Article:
Tag Archives: Albuquerque

Former APD Officer Jeremy Dear Interview: Camera Was Unplugged, Not An Internal Error

Albuquerque, NM- The Albuquerque Journal obtained audio of the interview conducted with former APD Officer Jeremy Dear two days after he fatally shot Mary Hawkes last April. The audio reveals that Dear said he realized that his lapel camera was unplugged immediately after he fired shots at Hawkes.

“I remember at the end, I was like oh (expletives)- my camera, it was unplugged,” Dear said. “I’ve had problems with it in the past. It comes unplugged and it won’t record.”

The Albuquerque Journal reported that Dear said he had told himself “Oh, I’m going to be in trouble for this.”

“I was scared to death. I don’t think I’ve ever been more scared in my life,” Dear also said in the interview. “I was afraid to die. I didn’t want to die. I have a girlfriend that I love very much. I have my 6-year-old son. I wanted to go home.”

The Albuquerque Police Department has never publicly acknowledged that Dear’s camera was unplugged before and during his pursuit of 19-year-old Hawkes, a suspected car thief. In a press conference held on April 23rd, two days after the shooting, Albuquerque Police Chief Gordon Eden said that footage of the chase and subsequent shooting could not be retrieved from Dear’s lapel camera and that the camera was being sent to the manufacturer for technical and forensic analysis.

When asked “Does that mean he [Dear] did or did not start it?” Eden responded, “That’s information we don’t know, that’s why we sent it to the experts to have them do a technical and forensic analysis of the on-body camera system.” Someone in the conference asked Eden “What does Officer Dear say to that question, I’m sure he’s been asked that?” Eden answered that “There are still witnesses that need to be interviewed, and hopefully we will know more information as this investigation continues.”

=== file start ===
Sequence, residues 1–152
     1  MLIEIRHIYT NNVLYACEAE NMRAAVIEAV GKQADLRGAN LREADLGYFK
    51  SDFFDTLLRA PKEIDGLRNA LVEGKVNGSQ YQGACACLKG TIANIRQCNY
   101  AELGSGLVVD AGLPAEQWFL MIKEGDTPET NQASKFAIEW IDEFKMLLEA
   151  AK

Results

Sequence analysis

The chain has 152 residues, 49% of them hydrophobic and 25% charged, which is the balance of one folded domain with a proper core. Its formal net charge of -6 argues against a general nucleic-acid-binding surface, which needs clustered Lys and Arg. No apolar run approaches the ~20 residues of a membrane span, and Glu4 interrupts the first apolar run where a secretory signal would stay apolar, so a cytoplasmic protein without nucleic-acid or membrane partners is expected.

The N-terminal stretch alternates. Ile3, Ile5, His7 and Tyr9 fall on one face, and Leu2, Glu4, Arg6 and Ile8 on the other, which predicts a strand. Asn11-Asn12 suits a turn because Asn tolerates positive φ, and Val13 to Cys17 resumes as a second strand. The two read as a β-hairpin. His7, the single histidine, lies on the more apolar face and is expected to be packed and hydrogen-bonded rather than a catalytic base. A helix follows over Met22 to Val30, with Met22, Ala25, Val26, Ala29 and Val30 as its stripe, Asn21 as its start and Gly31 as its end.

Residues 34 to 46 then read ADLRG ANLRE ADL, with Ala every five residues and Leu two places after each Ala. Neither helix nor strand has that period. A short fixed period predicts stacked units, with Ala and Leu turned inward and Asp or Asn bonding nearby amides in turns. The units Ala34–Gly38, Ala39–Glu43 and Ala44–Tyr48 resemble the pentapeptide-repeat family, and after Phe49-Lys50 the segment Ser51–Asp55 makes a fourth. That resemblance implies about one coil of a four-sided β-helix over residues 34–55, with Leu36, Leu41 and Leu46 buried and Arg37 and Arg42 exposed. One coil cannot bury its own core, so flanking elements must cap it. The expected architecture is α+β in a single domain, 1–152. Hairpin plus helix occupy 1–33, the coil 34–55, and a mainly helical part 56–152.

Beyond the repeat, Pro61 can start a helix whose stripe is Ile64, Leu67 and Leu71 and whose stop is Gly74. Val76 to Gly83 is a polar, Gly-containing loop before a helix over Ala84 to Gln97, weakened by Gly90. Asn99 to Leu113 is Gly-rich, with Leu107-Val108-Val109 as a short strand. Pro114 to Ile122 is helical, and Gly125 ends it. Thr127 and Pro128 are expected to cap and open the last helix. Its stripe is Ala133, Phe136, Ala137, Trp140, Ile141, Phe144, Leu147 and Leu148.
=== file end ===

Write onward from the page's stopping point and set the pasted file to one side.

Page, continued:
Taser International Inc., the camera’s manufacturer, stated in its analysis of Dear’s camera last year that the device had turned on and off several times late in the evening of April 20th through the early hours of April 21st: “Before the incident, the camera was powered on around 11:15 p.m. on April 20, then went off around 11:30 p.m., recording once. It was turned on again shortly after midnight, and went off again around 4 a.m., recording three times. It was turned on again around 4:15 a.m. and turned off a minute later without recording anything.”  

Dear’s partner at the time of the shooting, Tanner Tixier, was also interviewed. Tixier was asked if Dear recorded the shooting, and he said “I know he did not.”

“According to him, and this has happened before, I think, when he got out of the vehicle to go on a foot chase, that cord unplugged itself from the battery pack, which completely made his camera inoperable,” Tixier said.

In order to turn on the camera, Dear needed to push a button on the battery. According to The Albuquerque Journal, he said that he pushed the button as he was exiting his vehicle but he didn’t hear it beep so he was aware that it was not recording. “But I was more concerned about watching her running,” Dear said.

Dear was reportedly asked why his camera wasn’t turned on before chasing Hawkes, and he answered that the shooting, which occurred at around 5 a.m., was close to the end of his shift and had been worried about preserving battery life.

Dear shot and killed Mary Hawkes on April 21st, 2014 after Hawkes was allegedly spotted by police driving a truck that had been reported stolen April 10th. Hawkes allegedly abandoned the truck and was running from police when she was confronted by Dear before he shot her three times. According to the autopsy report on Hawkes, all three shots were fired from a downward trajectory. A report from the Office of the Medical Examiner stated that Hawkes suffered “seven blunt-force injuries” on her body “including on each knee, the top of her forehead, each forearm, her chest and back of her right hand.”

Dear said in his interview that while he was chasing Hawkes, he yelled “Stop” and she looked at him, making eye contact, before turning toward Dear. Dear said that Hawkes was about 5 feet away from him when she turned and pointed a gun at him. “She says, ‘don’t, don’t,’” Dear said. “I draw my gun out and come up on her and say, ‘Drop it, drop it.’ She doesn’t drop it, and I’m focused on the gun and I start firing my gun until she drops.”